A 'repo 105', as used by Lehman Brothers, is a variant on a standard sale and repurchase agreement, or repo. A repo can be treated in two ways by a firm. If assets are genuinely sold, with just a small chance of being bought back later, then a sale is booked, the assets are taken off the balance sheet and no liability to repurchase them is recorded.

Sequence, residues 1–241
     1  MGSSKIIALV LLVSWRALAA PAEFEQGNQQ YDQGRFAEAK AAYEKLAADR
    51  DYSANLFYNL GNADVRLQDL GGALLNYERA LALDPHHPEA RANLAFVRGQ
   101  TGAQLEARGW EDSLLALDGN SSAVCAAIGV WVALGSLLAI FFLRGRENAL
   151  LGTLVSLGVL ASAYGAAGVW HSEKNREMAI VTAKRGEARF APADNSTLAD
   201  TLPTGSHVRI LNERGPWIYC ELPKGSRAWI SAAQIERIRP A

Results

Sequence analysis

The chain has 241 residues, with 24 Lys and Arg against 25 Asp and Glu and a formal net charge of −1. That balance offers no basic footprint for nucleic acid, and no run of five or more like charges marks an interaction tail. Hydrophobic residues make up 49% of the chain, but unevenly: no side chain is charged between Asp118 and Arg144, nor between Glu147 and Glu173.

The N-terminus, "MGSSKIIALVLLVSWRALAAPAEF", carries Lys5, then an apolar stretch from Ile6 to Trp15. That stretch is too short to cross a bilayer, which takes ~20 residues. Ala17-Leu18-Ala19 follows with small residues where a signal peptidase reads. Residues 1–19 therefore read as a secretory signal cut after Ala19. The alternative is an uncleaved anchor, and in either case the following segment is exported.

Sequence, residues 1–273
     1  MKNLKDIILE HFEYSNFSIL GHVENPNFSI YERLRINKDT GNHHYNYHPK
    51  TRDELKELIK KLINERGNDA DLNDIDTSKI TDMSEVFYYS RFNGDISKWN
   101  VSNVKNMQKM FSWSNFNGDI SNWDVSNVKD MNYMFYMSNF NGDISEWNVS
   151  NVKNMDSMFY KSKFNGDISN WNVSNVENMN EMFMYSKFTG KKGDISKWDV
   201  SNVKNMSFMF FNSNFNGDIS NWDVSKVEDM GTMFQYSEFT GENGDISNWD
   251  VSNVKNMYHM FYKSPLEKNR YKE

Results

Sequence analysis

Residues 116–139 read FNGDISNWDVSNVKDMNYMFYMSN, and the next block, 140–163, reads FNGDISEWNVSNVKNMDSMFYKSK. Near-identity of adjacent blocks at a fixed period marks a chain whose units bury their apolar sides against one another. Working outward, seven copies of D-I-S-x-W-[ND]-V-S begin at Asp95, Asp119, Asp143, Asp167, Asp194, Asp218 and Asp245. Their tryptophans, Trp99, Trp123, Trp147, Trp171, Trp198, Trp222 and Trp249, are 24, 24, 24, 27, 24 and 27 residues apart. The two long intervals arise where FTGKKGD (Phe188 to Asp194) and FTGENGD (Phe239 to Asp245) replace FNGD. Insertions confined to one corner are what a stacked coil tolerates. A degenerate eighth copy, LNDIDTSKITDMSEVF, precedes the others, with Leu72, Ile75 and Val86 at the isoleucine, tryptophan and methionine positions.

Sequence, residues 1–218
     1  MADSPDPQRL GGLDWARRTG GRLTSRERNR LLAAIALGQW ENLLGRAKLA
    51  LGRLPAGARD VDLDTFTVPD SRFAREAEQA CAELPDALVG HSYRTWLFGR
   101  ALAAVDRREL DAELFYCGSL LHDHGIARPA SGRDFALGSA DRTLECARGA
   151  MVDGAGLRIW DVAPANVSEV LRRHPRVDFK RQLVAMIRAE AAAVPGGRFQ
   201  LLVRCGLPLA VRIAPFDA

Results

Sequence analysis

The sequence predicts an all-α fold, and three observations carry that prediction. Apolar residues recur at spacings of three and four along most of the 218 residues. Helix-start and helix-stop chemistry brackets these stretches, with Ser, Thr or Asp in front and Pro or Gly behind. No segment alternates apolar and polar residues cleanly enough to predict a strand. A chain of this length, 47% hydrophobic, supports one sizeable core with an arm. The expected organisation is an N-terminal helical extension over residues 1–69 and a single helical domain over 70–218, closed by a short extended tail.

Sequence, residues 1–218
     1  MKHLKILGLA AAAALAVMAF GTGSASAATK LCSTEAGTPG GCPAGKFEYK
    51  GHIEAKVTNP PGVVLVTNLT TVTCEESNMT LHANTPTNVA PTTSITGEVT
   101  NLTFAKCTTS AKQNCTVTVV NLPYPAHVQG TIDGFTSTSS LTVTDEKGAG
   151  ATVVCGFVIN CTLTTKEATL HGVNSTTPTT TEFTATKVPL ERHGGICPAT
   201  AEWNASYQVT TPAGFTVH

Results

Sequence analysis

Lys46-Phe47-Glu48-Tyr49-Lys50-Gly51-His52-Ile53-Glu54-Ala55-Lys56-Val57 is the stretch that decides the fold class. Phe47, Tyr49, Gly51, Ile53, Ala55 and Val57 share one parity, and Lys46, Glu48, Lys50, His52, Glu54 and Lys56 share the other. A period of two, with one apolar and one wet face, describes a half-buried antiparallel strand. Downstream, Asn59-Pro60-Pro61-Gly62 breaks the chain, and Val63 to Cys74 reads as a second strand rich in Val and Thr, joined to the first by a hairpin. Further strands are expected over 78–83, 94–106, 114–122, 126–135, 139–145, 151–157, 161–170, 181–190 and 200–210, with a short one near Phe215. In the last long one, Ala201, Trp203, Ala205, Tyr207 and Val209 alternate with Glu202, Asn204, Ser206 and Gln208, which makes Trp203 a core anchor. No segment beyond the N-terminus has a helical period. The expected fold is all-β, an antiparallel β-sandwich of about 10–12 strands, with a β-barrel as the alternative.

If the seller plans to repurchase the assets, they stay on the balance sheet along with any 'sales proceeds' and a matching liability is recorded. In short, the deal is treated as a secured loan rather than a sale. In Lehman's case, repos that were in reality loans were treated as sales. That way it improved its balance sheet leverage ratios ahead of quarterly results.
• Watch Tim Bennett's video tutorial: What is a repo?